Wednesday November 7, 2001 Homily by Fr. Robert Altier Thirty-first Week in Ordinary Time

Reading (Romans 13:8-10) Gospel (St. Luke 14:25-33)

When we hear the two readings today, we would naturally think to suggest that there is a major problem here: they seem to be in conflict with one another. Saint Paul tells us that we have to love our neighbor and that all the commandments that there are can be summed up in the commandment to love one's neighbor as oneself. Then we hear the Gospel reading and Jesus tells us that you cannot be His follower without first turning your back on your mother and father, your husband and wife, your children and, indeed, your very self. And also, no one can be His follower without renouncing everything that he owns. We hear these words and we try to put them together: How can we turn our back on people and still love them? How can we claim to be doing what is really the best for them and be turning around and walking the other way? Well, it is actually a very simple thing. As Saint Paul says, "Love never does what is wrong to the neighbor." Love always seeks what is truly the best.

Now, we get into the problem of thinking that what is best is what we would call the "nicest": What is the easiest? What is the most pleasant? What does the person want? What a person wants is not necessarily the best. Those of you who are parents know that very well. You oftentimes have to say "no" to your children. They want things, but you know that it is not the best for them so you tell them "no". In fact, if you did not, your children would be spoiled rotten and, chances are, they would not even be alive any longer if you did not say "no" to at least some of the things they wanted.

God is the same way. He tells us "no" to lots of things that we think we want but are not good for us. When it comes to loving the people around us, we need to do the same. We need to be willing, at times, to do things that are hard, things that we would prefer, perhaps, not to do or say. But things that really are the best, even though they are not the easiest or the most pleasant or the thing that the person wants. That is part of love. It feels, sometimes, like we are turning our back on someone.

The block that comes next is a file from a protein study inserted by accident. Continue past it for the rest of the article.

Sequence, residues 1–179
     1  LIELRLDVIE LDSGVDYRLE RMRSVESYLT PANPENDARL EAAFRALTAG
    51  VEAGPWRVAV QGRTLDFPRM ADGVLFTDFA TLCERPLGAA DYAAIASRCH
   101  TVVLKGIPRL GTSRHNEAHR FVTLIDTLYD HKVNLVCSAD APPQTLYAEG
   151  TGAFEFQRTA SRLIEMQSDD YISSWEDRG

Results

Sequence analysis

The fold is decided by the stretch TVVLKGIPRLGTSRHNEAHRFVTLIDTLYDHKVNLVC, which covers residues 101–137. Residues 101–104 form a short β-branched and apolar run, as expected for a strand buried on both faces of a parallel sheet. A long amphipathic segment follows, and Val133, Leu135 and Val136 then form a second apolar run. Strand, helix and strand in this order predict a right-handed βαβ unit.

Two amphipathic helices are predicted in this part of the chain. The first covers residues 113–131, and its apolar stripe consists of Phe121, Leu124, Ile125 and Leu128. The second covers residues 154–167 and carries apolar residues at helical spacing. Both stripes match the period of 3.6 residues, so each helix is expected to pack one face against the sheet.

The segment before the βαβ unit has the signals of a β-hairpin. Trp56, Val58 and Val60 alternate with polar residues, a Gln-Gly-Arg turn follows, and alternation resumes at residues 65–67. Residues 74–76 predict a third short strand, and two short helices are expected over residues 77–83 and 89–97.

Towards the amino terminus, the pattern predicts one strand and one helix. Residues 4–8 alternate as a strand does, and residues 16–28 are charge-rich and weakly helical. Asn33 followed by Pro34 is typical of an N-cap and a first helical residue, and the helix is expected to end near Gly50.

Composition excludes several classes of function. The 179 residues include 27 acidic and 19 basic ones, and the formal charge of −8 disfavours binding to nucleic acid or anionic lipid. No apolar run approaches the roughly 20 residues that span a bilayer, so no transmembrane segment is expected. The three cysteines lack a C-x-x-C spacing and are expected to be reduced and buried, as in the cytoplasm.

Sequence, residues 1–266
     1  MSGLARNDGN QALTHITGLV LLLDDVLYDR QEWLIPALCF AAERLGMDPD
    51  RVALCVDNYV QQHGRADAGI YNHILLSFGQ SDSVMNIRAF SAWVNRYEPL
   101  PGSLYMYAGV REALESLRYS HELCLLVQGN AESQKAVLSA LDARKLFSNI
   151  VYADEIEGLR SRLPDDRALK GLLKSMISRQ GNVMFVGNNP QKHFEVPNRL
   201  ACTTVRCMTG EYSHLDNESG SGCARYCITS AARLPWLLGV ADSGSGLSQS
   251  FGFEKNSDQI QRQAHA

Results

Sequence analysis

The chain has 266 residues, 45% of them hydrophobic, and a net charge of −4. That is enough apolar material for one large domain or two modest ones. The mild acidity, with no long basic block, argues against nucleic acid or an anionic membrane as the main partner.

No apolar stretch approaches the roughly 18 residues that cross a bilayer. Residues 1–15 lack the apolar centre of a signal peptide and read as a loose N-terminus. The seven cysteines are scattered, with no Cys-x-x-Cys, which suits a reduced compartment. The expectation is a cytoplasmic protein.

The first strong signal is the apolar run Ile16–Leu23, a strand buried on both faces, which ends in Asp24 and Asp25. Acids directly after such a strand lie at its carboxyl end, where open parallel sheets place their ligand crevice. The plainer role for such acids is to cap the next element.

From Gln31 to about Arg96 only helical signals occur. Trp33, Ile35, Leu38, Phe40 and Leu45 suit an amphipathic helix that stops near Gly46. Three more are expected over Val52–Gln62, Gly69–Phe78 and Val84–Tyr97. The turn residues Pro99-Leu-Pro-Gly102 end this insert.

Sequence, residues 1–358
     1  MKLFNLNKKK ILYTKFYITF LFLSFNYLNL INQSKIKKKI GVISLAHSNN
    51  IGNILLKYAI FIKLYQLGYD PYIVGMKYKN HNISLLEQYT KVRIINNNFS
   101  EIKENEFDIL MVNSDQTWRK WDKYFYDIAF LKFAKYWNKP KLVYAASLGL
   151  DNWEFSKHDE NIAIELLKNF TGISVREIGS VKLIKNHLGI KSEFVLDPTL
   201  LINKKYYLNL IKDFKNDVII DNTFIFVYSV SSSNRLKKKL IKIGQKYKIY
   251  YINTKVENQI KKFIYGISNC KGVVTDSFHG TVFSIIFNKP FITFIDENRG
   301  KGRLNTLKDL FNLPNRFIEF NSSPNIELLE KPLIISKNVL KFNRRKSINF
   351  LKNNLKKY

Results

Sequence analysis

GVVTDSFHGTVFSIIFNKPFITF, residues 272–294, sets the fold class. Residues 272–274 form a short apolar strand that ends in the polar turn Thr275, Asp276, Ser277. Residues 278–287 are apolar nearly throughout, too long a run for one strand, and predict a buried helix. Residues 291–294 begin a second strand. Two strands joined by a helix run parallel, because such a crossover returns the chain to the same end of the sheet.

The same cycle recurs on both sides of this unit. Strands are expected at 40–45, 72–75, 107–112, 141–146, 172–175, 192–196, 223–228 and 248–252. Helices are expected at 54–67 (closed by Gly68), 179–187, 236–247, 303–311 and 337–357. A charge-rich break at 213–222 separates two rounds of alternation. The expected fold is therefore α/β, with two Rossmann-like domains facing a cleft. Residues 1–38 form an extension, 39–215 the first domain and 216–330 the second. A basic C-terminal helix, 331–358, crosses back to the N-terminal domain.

But Jesus would even have it a little bit more than that. What that means is that we need to be detached from everyone and everything. That is difficult when we think about mother and father, children, husband and wife, and so on. Yet, if you really want to love these individuals, you need to be detached. Sometimes, detachment means getting rid of the thing. Obviously, when it comes to these individuals in your life, you cannot. You are not going to go home and say to your spouse: "I need to be detached from you. Get out." You are not going to say to your children: "I need to be detached. Your stuff is on the driveway." (Well, it depends. Maybe, if they are of age and they are just leeching off of you, that might be a good thing to do; but not usually.) However, the fact of the matter is that we do need to be detached. Any kind of an attachment is something that is selfish.

In other words, if you love your spouse in an attached way, you are loving your spouse, at least in part, for what you are getting out of it. That is not what you promised on the day you got married. If you love your children in an attached manner, you are loving your children because of what you get out of it: because your children make you look good, or whatever it may be; it is a selfish reason. If you love your spouse or your parents or your children in a detached manner, you are loving them only for their good. You are not using them. You are not violating them in any manner. But rather, you are seeking only the good of the other, which is exactly what Saint Paul says: "Love never does what is wrong to the neighbor."